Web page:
Roma Aeterna— Part One

What was the Rome of Paul’s day like. My trip last week to Rome, Pompey, Herculaneum and other spots just confirmed to me once again that the Romans were the technological genius’s of their age. Just an hour or two of studying the gigantic aqueducts which brought water into the city will leave you in awe of Roman engineering. Above you see a wonderful recreating of the city as it was in the late first century, with over a million people living on top of one another. It was the largest city in the Mediterranean, probably the largest city on earth at the time. And over 50% of the population were slaves. Slaves of all sorts doing all sorts of jobs little and large, important and menial.

And the dream of Empire was not so much that of Julius Caesar’s but rather his adopted heir— Octavian, seen here on horseback.

Not only is the task of conquering the world and setting up an empire an enormous task, running it has to be just about as difficult. And yet today when you look at the ruins in the Roman forum, you realize once more that the tale Daniel told in Dan. 1-7 of the rise and fall of beastly empires is a tale that would apply one day to Rome as well. Indeed it is a tale that applies to all empires under the sun, except of course the Dominion of God. In this series of posts I will be dealing with Rome/ Italy ancient and modern. There will be in addition a series of posts on the Vatican Visit. Stay tuned for all things Italia.

  • Marie Allen

    Dr. Ben, Can you find any signs of Junia/Andronicus or Priscilla/Aquila or Phoebe in the ruins and records?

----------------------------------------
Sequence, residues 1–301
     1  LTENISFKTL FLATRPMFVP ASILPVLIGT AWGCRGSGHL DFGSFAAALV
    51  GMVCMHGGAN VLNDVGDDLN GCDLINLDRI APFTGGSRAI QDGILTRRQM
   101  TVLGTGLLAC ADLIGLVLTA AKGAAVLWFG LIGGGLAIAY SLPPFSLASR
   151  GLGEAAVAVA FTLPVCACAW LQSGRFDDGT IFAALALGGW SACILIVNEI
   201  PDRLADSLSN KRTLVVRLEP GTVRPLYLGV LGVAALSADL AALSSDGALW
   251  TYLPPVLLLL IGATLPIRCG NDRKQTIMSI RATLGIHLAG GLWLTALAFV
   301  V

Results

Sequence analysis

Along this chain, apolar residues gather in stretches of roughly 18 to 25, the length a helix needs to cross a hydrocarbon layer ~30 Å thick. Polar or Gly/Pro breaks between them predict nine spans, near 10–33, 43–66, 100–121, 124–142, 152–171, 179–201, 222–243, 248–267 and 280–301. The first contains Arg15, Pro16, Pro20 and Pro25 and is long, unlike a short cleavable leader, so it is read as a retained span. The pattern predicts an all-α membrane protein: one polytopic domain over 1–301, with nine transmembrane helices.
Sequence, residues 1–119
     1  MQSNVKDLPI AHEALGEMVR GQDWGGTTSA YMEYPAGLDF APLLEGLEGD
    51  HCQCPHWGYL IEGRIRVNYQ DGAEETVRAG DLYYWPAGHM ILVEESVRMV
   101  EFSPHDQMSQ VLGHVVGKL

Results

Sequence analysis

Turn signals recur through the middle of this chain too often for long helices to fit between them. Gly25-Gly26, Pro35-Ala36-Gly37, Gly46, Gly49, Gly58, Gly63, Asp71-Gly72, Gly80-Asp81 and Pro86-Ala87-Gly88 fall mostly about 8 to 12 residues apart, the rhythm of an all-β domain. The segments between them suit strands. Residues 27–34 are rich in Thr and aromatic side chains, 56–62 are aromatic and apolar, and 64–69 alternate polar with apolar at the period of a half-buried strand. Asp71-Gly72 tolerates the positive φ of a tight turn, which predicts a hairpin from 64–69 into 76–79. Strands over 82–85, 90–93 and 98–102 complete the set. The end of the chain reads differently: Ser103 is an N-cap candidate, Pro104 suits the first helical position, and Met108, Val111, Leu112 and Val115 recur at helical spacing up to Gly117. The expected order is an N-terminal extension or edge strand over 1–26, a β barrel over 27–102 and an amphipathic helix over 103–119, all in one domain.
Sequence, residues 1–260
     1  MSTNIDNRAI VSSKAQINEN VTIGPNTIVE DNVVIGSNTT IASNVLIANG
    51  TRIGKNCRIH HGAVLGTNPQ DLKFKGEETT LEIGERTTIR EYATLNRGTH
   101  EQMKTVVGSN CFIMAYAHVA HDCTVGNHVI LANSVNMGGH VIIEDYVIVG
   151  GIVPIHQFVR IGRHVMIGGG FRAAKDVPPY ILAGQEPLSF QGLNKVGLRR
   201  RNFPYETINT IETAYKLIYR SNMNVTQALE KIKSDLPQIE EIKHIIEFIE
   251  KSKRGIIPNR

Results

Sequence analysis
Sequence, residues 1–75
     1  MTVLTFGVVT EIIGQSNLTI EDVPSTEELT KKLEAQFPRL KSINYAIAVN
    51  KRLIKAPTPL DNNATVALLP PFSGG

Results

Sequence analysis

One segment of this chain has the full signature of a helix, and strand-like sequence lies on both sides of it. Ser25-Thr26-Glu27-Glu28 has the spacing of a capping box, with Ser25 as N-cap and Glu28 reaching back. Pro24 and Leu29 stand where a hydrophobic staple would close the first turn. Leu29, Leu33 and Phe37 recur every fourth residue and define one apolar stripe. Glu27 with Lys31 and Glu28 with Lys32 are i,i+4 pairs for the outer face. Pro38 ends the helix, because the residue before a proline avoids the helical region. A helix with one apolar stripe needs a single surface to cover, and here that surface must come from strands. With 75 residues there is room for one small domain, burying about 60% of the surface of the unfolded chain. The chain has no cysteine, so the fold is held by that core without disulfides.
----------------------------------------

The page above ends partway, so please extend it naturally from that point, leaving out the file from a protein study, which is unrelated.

• Jon Altman

    That’s because Daniel was written during the Maccabean revolt, when Rome was already rising.

  • BenW3

    Jon we do not know that Daniel was written during the Maccabean revolt. That would be the latest possible dating, and it is probably wrong. Some scholars think there is an allusion to Antiochus Epiphanes, but even that is debatable since the allusion is quite vague. Even if the book were written early in the Maccabean period, there was no Roman Empire on the rise yet. That’s from Augustus’ time. Frankly most Daniel scholars think the book is a composite one composed over a long period of time, including some of it as early as the 6th century B.C. BW3

  • BenW3

    Marie there has been some suggestion that Priscilla was connected with the Priscillan gens in Rome, perhaps as a freedwoman of that family, but otherwise you will only find a record of those four in my novel— Roma Aeterna. BW3

  • Jon Altman

    The Romans were already “big footing” their way around the Mediterranean by the time of the Maccabean revolt. Certainly, Alexander the Great had shown how an Empire could be established, if not fully sustained.

  • pastordt

    Looking forward to this!